The card also contained a warning to the police to not disclose it to the members of the news media, according to a report today in The Washington Post. This may explain the public anger toward the news media of Montgomery County's police chief, Charles A. Moose, the leader of the coordinated manhunt, after news of the card was leaked on Tuesday night to a television station.
Some close to the investigation speculated the chief sought to repair a hoped-for channel of communications with the sniper with his display of anger. Earlier in the week, while the "God" card was still secret, Chief Moose told a news conference, "You should understand that I hope to God that some day we'll know why all of this occurred."
Chief Moose paused today when asked whether he had had any new communication from the sniper. "I guess it's a matter of what one would call communications," he replied, as if considering the latest shooting the sniper's most woeful message.
Here in Virginia, Chief Deane said there was no new sniper message found thus far at the gas station shooting. Scores of detectives carefully combed a wide, half-mile highway stretch just south of the Manassas Civil War battle zone.
The region's fear is palpable, said Carol Thomas, the former wife of the anxious Mr. Worthey, who called her today. She lives in Montgomery County near where a woman quietly sitting on a bench was shot in the head a week ago.
"The first five were within a mile or two of me," Ms. Thomas said of the victims. "I don't know if I can feel more fearful, but I guess I do, I do really feel fearful, just going out to get gas.
"I look around," she said, looking around her gated retirement community. "I rule out a gas station because it's near an Interstate. I look for trees, if there are places to hide. I look to see where you can't be sure where he's going to go next. Who can anticipate? Who knows what county, what section of the county? It's some kind of roulette. It's made me jumpy and I'd like the guy to be caught."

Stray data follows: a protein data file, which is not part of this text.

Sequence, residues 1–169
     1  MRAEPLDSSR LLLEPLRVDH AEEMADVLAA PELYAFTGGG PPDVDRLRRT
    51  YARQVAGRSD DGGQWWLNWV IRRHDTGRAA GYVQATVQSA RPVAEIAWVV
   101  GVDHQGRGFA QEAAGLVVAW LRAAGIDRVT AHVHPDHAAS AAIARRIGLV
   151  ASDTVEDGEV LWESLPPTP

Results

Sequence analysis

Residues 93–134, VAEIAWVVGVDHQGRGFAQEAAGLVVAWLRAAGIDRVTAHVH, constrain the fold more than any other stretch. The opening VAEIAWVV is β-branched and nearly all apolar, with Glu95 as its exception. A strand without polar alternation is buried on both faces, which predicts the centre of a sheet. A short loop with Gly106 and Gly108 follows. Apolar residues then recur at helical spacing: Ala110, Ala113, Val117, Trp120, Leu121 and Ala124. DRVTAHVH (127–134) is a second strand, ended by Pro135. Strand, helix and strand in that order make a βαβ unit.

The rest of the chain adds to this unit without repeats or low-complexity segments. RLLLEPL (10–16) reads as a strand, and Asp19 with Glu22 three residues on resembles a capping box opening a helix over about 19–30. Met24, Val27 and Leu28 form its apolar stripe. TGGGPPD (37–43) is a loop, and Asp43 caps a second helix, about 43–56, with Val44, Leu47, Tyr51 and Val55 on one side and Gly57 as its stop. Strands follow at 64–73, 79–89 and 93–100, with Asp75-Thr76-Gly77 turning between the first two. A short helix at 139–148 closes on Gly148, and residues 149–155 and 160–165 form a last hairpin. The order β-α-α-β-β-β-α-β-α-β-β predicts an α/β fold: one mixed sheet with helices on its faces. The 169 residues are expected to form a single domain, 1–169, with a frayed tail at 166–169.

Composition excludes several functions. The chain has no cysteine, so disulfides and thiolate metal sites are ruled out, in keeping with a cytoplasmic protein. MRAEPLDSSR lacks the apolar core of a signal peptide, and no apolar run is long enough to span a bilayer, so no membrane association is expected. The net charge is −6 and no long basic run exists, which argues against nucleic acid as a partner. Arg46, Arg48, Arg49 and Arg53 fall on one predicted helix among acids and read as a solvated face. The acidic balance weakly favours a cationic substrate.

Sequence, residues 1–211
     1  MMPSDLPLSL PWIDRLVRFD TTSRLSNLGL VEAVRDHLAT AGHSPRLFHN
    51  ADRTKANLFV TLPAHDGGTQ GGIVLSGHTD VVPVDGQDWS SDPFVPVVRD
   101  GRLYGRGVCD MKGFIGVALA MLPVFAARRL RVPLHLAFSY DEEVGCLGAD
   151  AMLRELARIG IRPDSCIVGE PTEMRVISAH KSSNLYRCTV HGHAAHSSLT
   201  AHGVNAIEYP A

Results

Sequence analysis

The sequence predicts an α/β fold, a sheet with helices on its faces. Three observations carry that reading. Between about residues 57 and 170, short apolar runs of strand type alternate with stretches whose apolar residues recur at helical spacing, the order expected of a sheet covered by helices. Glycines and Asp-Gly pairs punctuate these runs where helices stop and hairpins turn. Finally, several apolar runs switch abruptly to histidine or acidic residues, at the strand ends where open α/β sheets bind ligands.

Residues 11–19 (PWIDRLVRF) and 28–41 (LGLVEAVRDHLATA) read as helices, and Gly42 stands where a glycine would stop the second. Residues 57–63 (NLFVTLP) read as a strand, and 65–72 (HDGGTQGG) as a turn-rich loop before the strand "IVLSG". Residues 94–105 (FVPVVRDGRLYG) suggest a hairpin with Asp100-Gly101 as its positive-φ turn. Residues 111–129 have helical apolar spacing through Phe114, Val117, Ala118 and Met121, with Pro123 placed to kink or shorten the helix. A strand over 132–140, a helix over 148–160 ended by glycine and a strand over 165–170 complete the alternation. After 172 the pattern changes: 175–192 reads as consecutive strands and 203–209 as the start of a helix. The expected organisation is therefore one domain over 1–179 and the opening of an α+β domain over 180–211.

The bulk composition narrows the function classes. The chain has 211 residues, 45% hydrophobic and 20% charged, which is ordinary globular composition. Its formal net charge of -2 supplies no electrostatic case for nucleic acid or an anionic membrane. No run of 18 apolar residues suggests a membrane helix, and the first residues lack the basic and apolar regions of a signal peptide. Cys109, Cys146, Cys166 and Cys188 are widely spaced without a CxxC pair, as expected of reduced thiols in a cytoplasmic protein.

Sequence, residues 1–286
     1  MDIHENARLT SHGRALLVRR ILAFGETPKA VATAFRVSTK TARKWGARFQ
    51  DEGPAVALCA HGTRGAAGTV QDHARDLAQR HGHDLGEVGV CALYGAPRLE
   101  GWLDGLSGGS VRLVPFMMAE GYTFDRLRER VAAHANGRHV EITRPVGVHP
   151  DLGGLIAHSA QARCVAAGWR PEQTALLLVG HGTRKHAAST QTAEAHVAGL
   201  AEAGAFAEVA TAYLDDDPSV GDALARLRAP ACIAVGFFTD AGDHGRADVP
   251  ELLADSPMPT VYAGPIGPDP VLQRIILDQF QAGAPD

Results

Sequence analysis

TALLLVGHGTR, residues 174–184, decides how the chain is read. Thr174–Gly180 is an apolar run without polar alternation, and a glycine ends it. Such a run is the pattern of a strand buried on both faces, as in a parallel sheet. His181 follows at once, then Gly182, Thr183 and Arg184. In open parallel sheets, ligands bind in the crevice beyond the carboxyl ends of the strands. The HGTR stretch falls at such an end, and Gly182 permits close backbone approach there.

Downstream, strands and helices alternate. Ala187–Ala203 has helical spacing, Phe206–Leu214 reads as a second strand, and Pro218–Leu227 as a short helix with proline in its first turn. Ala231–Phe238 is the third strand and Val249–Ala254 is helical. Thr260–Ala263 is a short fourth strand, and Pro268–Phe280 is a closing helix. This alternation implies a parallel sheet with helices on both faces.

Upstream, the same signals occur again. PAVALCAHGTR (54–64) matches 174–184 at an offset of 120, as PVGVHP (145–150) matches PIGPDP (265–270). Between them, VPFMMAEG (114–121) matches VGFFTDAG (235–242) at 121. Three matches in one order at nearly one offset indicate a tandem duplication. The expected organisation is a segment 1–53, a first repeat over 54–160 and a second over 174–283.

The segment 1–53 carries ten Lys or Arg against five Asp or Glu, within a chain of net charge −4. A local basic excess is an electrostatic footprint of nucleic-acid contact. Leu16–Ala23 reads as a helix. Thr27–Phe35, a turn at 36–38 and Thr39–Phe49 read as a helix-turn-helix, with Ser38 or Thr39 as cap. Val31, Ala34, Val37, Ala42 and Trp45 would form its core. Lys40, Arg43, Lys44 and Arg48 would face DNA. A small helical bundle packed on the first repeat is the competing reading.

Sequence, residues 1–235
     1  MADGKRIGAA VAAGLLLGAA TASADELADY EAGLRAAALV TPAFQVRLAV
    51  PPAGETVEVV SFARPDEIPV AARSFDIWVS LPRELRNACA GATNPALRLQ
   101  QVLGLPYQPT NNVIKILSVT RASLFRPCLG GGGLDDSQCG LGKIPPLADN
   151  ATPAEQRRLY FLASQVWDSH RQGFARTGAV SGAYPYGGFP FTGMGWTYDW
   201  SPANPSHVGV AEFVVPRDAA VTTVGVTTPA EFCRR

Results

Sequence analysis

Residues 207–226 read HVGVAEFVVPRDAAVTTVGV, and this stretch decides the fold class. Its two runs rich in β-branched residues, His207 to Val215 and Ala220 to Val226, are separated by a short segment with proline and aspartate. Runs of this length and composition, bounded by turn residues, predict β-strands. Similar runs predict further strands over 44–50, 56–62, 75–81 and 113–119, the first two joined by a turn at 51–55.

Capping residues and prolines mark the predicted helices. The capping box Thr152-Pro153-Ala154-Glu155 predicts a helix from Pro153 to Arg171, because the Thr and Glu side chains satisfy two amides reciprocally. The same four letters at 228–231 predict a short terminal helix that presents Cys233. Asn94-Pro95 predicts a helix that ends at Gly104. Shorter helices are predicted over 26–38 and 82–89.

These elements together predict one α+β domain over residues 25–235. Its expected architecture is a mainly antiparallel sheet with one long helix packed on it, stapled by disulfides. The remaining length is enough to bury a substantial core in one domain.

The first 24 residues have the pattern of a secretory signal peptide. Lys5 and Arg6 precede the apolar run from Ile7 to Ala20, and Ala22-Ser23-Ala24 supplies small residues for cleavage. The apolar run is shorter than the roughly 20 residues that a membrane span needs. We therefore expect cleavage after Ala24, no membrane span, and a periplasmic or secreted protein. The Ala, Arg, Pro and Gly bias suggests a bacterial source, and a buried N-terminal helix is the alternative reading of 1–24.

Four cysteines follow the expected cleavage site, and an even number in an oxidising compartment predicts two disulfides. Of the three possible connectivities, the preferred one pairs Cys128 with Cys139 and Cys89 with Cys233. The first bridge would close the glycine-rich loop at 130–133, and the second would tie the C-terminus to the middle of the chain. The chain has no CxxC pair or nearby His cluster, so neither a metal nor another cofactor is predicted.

Isn't a .223 considered a medium or intermediate power cartridge?
I've used Colt AR 15s for coyotes and cats (bobcats,calm down folks) and never thought of a .223 as a high power load.
What is considered a low power cartridge?A 22 mag or does something bigger fit the bill?
I've used .17 cal. Remingtons,what would they be considered?
By definition any caliber that breaks 1140 FPS at an ambient temp of 60 degrees f is super sonic thus IMHO high velocity. If a 230 grain military ball 45ACP traveling at 850 FPS is low velocity and a .117 caliber air rifle pellet traveling at 1200 FPS is high velocity.
Which one would ya rather get hit with ?;O)
It's all subject to each persons views as we shall now discover here on this thread........:o) Spectr17 may weigh in and correct /help me. Stay Safe !
I use rifles but have been more into pistols ever since I was a kid because weight and having a free hand has always been important to me.
I've used many types of firearms through the years but never read up on much,just used what I liked to get the job done and let it go at that.
If I'm too slow to start getting some book learning,I can always revert to experience and stay dumb and happy,it's carried me this far.
One thing I do know about BB guns and .45 ACP,if hunting rabbits with a cheap Crossman BB gun,a close head shot is nearly mandatory to stop the critter and with the .45 ACP in a 1911 or 1917 model Army revolver,(or even a .357),a head shot is mandatory if you want much left for dinner.
See,some things even I can figure out,I'm maybe not completely stupid.HeHe. :)
Trav, what makes you so sure this is just one shooter? To me, this looks like target practice for a bigger deal.
And couldn't that tarot card have been from someone, a woman maybe, who was trying to put out a distress call? Men don't usually deal with tarot as a rule.
At any rate, if it WAS a distress call, that's one less witness for sure. She's dead. And someone within the police establishment leaked it on purpose. Something is not at all right here for one serial sniper.